DGL 2016_02

Telkom has announced their plans for this year’s DGL – and while somethings appear to be staying the same, many things are pretty different for 2016.

At an event hosted in Johannesburg  by international eSports shoutcaster and celebrity, Paul ‘ReDeYe’ Chaloner, and streamed live via eNCA (and embedded below for your viewing pleasure – if you dare), the new look DGL was unveiled.

The Masters Programme

The crux of the announcement – once the explanations of international eSports numbers were dutifully dished out – is that the DGL will feature three tiers of tournaments, with a ‘Masters’ programme featuring a prize pool of R1 million and eight invited MGOs. Yes. One. Million. Rand.

What the announcement didn’t make clear however is whether that prize pool is split over a number of titles and exactly how many titles that would encompass. Counter-Strike was clearly the most featured game, but according to the new Digital Gaming League website, there are at least five PC tournament titles this year, and one console title, with Rocket League being unclear. It’s pretty clear however that the console title is not part of the Masters programme and I would be surprised if Rocket League and Hearthstone form part of the programme too. Assuming the other four titles are part of the programme that would mean CS: GO, Dota 2, League of Legends and Battlefield 4 are each getting R250,000.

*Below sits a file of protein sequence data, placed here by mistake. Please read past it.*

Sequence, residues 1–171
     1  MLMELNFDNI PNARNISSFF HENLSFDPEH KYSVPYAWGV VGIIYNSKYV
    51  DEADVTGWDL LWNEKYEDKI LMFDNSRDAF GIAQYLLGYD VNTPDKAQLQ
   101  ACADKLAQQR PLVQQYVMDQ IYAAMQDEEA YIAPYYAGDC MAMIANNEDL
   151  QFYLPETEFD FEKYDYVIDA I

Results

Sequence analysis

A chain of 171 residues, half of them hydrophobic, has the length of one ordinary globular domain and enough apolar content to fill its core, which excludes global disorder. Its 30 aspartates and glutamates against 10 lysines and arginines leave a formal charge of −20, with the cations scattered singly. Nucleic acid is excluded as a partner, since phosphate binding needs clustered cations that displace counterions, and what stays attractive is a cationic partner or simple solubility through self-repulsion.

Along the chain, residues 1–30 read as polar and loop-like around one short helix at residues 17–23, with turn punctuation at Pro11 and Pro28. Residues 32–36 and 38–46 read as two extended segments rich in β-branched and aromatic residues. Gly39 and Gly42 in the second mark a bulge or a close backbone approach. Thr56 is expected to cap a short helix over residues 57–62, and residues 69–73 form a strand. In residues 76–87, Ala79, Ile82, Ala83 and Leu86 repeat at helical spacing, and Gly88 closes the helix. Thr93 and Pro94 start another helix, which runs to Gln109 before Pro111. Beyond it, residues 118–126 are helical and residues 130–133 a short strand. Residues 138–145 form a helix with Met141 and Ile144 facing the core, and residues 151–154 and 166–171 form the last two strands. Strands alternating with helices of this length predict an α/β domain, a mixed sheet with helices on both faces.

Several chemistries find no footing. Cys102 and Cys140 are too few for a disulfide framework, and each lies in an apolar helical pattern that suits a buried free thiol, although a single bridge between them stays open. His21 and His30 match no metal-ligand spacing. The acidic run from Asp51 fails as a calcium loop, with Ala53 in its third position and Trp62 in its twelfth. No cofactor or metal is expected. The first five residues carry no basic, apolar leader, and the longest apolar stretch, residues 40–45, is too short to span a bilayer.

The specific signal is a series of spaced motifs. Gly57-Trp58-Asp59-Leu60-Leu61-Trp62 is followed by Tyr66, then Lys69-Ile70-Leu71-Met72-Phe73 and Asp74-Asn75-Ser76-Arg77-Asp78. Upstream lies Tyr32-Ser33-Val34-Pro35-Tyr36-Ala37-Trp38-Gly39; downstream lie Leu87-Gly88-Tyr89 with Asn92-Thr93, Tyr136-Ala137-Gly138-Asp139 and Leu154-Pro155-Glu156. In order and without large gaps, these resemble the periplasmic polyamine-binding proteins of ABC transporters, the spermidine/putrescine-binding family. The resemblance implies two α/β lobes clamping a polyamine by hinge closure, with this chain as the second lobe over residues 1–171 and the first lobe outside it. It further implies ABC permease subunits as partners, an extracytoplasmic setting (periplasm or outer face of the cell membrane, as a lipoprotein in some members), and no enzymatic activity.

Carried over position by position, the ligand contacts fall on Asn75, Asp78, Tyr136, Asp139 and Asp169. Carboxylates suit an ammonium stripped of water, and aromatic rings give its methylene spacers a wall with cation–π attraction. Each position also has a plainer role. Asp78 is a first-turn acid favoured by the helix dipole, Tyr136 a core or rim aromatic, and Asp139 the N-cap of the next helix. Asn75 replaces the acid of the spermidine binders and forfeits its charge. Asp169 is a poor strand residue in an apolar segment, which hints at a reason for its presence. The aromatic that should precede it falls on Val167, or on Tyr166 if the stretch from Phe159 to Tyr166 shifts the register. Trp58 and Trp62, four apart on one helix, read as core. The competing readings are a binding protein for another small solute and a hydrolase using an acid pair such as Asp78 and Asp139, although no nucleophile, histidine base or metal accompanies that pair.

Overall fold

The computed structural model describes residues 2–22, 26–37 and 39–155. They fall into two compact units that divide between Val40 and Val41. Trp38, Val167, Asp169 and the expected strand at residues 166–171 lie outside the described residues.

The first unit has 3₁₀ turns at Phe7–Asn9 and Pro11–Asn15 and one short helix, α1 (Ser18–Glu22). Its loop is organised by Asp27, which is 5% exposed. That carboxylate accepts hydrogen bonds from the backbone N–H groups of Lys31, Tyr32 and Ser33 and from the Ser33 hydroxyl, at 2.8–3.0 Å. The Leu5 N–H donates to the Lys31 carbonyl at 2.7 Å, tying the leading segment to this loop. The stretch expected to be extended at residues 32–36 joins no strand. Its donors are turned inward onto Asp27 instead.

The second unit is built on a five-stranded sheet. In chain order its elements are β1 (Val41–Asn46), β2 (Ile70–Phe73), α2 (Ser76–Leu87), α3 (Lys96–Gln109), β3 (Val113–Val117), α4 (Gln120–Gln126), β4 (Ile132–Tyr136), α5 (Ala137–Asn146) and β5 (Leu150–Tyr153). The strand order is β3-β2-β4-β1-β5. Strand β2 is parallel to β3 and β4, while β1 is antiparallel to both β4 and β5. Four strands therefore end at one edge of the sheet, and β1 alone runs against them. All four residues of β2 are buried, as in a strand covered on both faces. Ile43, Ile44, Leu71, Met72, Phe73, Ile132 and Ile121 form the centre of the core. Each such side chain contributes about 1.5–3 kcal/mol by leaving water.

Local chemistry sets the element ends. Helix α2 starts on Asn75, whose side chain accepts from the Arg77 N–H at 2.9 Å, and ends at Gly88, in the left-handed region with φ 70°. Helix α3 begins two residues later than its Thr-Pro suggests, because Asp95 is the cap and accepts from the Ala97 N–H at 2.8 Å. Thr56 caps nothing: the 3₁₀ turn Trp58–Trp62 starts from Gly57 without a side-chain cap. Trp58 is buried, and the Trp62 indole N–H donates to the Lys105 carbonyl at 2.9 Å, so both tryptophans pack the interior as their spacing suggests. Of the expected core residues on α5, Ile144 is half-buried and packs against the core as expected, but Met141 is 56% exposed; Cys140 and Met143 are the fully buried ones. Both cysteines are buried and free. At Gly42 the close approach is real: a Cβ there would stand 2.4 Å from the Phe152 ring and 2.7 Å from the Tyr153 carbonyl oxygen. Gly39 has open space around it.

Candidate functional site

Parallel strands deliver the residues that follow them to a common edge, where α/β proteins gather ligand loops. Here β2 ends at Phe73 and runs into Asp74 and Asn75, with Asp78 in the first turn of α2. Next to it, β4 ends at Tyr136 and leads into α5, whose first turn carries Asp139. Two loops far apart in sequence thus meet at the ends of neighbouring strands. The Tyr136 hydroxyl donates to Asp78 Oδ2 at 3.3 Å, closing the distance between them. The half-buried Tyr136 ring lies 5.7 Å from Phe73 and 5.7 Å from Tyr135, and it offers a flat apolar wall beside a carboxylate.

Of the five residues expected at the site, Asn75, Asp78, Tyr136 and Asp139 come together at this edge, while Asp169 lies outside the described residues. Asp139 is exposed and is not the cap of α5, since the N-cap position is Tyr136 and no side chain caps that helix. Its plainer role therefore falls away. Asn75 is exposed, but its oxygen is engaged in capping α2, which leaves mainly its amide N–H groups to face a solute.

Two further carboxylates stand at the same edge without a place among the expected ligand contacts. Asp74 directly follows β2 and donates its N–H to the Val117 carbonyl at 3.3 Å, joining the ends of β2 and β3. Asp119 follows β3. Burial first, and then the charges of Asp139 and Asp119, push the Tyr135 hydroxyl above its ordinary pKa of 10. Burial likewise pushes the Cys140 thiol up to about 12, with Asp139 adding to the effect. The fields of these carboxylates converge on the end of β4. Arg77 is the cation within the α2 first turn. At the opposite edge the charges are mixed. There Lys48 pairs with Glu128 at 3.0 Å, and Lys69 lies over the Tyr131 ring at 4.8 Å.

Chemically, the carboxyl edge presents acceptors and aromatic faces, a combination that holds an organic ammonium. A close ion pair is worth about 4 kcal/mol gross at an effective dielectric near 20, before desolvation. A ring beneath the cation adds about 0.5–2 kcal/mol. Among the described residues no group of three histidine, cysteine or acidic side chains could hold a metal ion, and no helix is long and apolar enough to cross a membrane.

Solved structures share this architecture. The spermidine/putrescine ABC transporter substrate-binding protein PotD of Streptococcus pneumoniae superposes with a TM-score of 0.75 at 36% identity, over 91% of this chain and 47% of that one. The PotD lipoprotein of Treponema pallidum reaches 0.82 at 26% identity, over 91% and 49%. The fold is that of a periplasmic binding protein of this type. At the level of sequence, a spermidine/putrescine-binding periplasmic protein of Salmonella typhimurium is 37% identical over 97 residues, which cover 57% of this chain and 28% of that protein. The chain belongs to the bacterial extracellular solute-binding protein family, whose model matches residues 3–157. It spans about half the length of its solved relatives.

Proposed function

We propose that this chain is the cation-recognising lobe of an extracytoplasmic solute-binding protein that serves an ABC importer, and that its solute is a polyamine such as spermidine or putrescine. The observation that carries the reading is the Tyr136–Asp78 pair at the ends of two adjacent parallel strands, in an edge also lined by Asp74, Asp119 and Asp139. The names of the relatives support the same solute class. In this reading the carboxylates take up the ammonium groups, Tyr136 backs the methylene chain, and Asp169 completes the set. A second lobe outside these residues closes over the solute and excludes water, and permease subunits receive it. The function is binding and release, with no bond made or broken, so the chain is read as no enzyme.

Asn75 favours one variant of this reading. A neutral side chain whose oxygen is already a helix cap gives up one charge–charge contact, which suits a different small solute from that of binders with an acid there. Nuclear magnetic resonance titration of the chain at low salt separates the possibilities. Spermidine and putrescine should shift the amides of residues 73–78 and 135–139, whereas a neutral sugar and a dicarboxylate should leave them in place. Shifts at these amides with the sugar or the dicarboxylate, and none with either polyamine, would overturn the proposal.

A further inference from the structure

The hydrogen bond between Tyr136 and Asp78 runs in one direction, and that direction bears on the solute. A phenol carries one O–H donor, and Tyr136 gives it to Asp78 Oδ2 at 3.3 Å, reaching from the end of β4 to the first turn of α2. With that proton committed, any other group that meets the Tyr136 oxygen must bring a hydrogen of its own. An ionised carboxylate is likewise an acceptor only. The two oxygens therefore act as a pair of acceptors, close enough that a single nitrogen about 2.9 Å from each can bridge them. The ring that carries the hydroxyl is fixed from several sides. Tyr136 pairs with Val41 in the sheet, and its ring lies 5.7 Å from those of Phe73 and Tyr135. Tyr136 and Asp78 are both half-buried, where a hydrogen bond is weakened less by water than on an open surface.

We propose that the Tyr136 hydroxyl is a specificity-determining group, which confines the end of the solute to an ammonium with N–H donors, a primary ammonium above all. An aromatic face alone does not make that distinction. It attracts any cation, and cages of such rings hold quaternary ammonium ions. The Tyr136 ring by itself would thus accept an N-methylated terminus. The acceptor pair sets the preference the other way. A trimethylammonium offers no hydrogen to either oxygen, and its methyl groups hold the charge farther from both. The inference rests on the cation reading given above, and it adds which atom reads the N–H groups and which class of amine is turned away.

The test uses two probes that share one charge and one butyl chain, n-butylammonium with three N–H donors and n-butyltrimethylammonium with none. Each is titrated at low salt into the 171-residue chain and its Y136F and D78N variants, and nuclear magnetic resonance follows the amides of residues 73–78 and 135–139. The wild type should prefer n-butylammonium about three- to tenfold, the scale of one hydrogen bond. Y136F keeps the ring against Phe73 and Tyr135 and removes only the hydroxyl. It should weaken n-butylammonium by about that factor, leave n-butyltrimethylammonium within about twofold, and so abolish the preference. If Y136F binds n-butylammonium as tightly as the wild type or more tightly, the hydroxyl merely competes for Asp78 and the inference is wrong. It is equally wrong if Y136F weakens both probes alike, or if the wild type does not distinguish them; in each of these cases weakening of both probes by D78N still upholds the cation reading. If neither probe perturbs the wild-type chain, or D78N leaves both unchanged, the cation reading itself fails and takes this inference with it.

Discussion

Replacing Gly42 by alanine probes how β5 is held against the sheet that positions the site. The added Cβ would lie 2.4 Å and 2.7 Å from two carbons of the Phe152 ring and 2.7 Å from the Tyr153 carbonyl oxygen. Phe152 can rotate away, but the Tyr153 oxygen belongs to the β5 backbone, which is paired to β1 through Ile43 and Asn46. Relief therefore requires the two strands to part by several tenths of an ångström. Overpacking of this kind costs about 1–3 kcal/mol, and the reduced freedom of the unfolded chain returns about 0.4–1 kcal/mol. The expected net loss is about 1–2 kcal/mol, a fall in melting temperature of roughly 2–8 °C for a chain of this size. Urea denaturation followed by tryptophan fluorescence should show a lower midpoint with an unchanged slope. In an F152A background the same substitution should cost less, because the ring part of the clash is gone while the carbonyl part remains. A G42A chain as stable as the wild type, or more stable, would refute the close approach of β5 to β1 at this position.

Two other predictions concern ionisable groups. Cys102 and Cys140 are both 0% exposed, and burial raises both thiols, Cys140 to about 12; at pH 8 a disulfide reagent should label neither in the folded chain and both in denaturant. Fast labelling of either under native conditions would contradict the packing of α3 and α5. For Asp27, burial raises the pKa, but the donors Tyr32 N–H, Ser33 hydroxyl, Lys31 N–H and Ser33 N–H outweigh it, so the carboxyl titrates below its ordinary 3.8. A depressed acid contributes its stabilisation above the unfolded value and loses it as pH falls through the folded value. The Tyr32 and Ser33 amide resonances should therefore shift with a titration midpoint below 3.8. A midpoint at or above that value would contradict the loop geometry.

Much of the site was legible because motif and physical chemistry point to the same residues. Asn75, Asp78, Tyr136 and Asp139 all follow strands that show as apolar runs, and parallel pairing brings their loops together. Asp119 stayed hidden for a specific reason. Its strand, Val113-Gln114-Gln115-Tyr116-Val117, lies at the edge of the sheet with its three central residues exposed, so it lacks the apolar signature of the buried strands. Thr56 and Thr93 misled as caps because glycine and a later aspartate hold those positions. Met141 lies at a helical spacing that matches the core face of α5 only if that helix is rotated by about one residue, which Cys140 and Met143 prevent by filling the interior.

If my maths doesn’t fail me now, that’s… not actually all that more than the values of past DGC events per title, albeit those were more product based. But I am making an assumption on this as the press release – which you can view yourself below – isn’t that clear either (I will try and get clarity on the matter still).